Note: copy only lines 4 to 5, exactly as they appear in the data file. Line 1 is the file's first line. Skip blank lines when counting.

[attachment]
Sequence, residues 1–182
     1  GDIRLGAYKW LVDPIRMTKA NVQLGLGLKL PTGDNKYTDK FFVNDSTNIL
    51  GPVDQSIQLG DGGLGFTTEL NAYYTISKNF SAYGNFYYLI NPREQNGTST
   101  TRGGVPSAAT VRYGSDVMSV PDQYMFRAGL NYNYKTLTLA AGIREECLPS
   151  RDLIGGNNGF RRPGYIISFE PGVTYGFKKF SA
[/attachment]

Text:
   101  TRGGVPSAAT VRYGSDVMSV PDQYMFRAGL NYNYKTLTLA AGIREECLPS
   151  RDLIGGNNGF RRPGYIISFE PGVTYGFKKF SA